Personally, as somebody who had quite a large record collection, there was nothing as amazing as taking a record from its cover, placing it on the turntable, and playing it for the first time. They looked good and sounded great.

All about CD (Digital)

CDs, and digital sources in general (leaving aside compressed formats such as mp3, AAC and so on for a moment), have none of these limitations. Outside of not being able to reproduce anything above 20 kHz, anything you want to put on a CD will be reproduced with incredible clarity. This includes all the bass you can imagine, the most sibilant thing you have ever heard, and the most extreme phasing effects producable. The CD format permits incredible flexibility, and the audio playback is not compressed as it is with mp3, WMA and AAC, so there are no compression artifacts. The specification for CDs was created in the late 1970’s, and one could argue that both the sample rate of 44.1 kHz and the bit resolution of 16-bit is rather outdated now, but somehow a really well recorded CD still has the potential to blow your socks off when  its done right.

CDs have their problems too. Most people will tell you ‘digital doesn’t sound good.’ In many ways, this is in the ear of the beholder, and might be true in some cases, but there are plenty of vinyl recordings that don’t sound great either. Early CD chips didn’t help either. They weren’t refined enough to deliver a finely honed sound, and were full of compromises due to the high cost of chip making in those days.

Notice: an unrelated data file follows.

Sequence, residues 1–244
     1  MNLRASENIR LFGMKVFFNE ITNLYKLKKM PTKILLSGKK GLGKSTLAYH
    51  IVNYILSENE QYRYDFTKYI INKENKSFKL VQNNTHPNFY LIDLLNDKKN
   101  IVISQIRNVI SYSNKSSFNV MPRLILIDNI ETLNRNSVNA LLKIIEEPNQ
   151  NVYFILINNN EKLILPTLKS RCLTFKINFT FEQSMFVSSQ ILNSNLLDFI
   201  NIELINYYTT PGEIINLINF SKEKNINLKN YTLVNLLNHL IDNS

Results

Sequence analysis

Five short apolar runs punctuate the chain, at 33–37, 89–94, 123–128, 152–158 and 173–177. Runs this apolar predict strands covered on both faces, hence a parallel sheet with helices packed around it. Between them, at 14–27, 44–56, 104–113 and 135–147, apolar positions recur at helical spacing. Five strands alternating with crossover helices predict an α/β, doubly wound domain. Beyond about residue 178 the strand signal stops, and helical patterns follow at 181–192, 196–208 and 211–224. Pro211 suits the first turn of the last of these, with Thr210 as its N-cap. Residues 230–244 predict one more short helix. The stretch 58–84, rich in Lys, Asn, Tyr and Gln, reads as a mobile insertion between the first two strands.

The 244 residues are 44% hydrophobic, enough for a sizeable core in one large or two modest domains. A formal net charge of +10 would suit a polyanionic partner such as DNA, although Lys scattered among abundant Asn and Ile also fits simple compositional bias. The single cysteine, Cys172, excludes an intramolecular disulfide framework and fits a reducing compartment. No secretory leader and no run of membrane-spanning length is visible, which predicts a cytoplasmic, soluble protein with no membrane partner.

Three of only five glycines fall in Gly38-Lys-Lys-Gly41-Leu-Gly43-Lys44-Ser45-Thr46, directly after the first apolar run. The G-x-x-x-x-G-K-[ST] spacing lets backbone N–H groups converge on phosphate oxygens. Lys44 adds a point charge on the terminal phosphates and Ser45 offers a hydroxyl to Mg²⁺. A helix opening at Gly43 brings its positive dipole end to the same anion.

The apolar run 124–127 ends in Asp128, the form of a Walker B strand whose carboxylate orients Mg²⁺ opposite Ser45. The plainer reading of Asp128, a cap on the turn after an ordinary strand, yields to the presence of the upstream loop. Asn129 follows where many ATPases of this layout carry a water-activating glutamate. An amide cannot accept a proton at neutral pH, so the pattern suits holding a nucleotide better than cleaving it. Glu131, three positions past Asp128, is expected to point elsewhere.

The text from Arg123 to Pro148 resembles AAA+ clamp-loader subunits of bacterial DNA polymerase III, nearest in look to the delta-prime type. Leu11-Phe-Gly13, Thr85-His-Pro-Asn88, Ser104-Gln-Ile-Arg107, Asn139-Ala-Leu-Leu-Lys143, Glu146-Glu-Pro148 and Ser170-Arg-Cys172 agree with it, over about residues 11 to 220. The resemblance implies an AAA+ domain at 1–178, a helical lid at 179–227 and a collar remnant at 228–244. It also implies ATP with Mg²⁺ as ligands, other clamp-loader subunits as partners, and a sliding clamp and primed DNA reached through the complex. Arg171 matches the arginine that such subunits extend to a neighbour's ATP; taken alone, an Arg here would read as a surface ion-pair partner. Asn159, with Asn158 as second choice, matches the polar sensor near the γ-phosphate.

The 1980s weren’t an especially good time for audio in general, and especially for vinyl. Digital audio in the form of CDs were becoming popular, and there seemed to be plenty of poor quality vinyl around, as if to push people into the world of digital audio.

What’s better then?

I’m writing about this because audio interests me, and has done for very many years. Personally speaking, the convenience of CD and digital formats generally has the upper hand, but CDs inparticular, and not the compressed versions for playback on portable devices, has many advantages over analogue. Longevity, portability, the ability to move from track to track quickly are all plusses for me. For records, the fact that the outside of the record sounds better than the inside, the susceptability to damage, the tricks that have to be pulled to cut a record, all count against it for me. Thing thing I loved most about records though are all of the aesthetic qualities, the size of the format, the beautifully printed single and gatefolded sleeves, even the smell of the format.

As for what is better, that is an incredibly personal area, and can be argued forever. The newest high resolution digital formats and playback technology is significantly better in performance than the original CD format. The newer releases of vinyl are being mastered very carefully due to the standard being set now is so high, and they’re pressed on heavy, high quality vinyl material. So, there isn’t an easy answer.

These are just my view though. I’ve spiked it up with a few facts and figures, and I’ve tried to show where possible what engineering has to go on in the background to make things sound the way they do. What do you think?